There were parts of this book where it wasn’t all plain sailing but in the grand scheme of things, they’re such minor quibbles that it didn’t affect my enjoyment of Fry’s work in the least. Fry begins telling us the story of the Gods of Mount Olympus from the very beginning i.e. how the Earth came to be, the battles between the titans, the founding of the twelve principle Gods under the helm of head man, Zeus and even how humans were created (and occasionally messed around with!). This was all incredibly interesting and something I don’t believe I studied in much detail at school but I have to admit, there are a lot of names and intricate relationships to get to grips with initially and there were points where I felt quite overwhelmed by the amount of detail we’re given as a reader. However, please don’t let this put you off as once Fry gets into the meat of each individual story, it’s as juicy and riveting as you might expect.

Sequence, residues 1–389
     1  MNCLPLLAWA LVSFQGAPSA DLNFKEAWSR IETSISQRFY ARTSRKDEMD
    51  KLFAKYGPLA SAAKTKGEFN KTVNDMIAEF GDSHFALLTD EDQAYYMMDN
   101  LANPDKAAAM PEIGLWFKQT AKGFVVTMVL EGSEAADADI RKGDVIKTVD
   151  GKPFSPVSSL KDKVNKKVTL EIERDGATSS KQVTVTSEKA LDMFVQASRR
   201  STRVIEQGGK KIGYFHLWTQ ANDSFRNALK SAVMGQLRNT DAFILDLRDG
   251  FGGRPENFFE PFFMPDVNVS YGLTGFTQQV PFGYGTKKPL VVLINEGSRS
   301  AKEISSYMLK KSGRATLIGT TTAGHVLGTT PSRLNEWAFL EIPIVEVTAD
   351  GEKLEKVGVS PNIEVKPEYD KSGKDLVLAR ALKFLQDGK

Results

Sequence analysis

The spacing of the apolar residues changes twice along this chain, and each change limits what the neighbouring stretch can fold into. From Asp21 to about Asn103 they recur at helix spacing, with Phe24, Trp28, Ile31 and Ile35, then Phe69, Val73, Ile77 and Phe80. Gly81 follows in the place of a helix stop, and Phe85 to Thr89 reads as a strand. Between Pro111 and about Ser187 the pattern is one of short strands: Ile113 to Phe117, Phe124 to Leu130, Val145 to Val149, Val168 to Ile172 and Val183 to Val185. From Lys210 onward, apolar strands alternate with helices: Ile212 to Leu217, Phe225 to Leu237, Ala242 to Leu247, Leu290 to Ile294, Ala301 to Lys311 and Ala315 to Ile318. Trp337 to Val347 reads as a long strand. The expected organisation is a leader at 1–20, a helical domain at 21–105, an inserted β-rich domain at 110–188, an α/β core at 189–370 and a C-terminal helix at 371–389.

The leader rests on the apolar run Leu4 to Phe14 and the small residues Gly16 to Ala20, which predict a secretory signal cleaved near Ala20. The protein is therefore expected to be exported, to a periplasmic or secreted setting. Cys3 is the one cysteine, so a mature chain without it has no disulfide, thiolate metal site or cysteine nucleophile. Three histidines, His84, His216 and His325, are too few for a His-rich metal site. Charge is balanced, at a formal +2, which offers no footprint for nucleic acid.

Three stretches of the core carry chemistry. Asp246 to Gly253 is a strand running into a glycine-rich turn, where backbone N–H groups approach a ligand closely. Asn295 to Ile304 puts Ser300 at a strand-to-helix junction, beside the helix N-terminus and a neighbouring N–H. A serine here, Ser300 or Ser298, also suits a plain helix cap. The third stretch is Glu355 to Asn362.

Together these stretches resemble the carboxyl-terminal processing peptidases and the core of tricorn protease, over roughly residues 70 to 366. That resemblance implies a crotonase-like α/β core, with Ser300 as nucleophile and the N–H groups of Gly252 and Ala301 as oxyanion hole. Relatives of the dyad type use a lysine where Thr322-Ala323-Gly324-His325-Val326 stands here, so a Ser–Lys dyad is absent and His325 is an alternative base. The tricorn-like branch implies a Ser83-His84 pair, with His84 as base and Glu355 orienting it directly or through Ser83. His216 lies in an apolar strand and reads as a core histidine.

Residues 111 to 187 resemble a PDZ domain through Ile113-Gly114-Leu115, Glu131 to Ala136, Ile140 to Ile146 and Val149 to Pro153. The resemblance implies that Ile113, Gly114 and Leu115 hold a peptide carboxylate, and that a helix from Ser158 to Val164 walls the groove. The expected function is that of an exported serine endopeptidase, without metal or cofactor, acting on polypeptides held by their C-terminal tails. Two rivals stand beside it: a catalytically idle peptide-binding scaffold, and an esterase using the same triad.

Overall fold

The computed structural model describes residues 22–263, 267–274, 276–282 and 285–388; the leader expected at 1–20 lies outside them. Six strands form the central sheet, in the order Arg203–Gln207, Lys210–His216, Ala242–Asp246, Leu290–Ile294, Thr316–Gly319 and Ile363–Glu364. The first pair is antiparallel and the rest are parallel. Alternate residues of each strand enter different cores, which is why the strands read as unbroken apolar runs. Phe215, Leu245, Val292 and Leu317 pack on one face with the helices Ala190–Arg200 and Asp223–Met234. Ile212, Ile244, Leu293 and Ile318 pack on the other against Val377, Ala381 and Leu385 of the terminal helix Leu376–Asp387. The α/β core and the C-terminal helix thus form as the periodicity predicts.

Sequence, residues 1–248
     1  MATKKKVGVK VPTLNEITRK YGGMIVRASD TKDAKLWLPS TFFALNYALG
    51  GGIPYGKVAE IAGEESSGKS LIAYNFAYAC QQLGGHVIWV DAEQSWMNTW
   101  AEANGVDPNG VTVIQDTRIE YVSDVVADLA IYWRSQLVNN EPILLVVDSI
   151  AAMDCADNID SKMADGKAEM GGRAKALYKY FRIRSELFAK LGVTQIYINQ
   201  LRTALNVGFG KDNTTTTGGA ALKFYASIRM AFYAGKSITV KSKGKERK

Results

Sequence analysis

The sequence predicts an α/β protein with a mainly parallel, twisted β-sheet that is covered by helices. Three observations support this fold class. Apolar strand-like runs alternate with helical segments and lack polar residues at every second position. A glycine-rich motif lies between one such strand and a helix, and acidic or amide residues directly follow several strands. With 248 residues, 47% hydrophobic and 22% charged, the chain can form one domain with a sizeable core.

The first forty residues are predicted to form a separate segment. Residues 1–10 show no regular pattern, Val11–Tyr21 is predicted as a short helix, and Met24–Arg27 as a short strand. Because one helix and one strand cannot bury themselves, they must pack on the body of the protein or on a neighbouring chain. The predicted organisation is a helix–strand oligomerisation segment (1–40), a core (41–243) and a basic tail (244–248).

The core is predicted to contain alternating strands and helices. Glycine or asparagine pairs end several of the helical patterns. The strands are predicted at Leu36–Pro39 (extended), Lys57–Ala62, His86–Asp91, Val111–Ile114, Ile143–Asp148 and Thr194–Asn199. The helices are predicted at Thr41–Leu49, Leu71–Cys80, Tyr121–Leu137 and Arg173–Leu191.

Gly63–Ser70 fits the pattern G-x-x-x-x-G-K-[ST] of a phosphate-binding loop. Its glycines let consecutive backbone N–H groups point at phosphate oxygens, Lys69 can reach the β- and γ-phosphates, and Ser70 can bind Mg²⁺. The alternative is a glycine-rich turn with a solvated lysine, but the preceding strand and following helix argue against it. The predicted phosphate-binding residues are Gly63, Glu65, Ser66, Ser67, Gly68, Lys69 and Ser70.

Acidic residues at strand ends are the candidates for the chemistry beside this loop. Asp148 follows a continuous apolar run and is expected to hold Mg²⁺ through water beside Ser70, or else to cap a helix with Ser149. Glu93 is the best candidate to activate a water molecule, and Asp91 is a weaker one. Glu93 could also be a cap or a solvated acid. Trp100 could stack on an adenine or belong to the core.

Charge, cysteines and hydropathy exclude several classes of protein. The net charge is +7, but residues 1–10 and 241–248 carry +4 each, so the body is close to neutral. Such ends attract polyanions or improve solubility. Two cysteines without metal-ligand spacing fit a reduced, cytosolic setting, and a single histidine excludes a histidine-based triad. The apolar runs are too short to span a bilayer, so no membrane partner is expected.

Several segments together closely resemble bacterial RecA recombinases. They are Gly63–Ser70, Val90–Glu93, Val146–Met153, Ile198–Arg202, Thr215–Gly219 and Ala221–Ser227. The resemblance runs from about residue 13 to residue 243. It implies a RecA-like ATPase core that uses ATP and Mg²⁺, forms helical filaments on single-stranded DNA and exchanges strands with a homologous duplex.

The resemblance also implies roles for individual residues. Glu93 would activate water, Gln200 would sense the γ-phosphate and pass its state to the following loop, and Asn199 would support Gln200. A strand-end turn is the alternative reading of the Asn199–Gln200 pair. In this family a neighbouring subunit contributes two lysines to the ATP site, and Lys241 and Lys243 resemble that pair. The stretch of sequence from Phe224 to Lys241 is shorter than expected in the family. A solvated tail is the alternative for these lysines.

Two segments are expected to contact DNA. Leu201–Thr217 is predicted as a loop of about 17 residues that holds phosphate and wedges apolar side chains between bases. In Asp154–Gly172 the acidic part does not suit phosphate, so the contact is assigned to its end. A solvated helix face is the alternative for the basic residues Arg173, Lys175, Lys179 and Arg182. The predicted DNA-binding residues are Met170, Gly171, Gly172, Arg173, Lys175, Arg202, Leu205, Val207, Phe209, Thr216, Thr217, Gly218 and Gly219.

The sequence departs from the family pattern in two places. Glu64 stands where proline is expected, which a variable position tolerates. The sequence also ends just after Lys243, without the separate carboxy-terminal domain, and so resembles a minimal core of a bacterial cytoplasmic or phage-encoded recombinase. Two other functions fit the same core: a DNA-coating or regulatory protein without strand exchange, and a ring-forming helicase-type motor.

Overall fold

Stand-out stories? I immediately go back to particular favourites that just became even richer on a second reading as an adult – primarily the story of Persephone and the god of the Underworld, Hades and additionally, the tale of Arachne the weaver and the proud goddess whom she manages to infuriate. I was also pleasantly surprised at the extra little mythological details Fry included like the reason behind the changing of the seasons, how the honeybee got its sting, why the spider spins a web, to name a few. The author makes this collection so much more special by including instances like imagined conversations between gods or gods versus humans where his unique and hilarious humour is allowed to shine through and makes the stories instantly more readable, relatable and almost up-to-date in their execution. Stuart and I enjoyed this collection so much that we’ve instantly agreed to read the second book in this series, Heroes together when it comes out in paperback in the summer and I’m eagerly anticipating another brilliant, illuminating book from the genius that is Stephen Fry.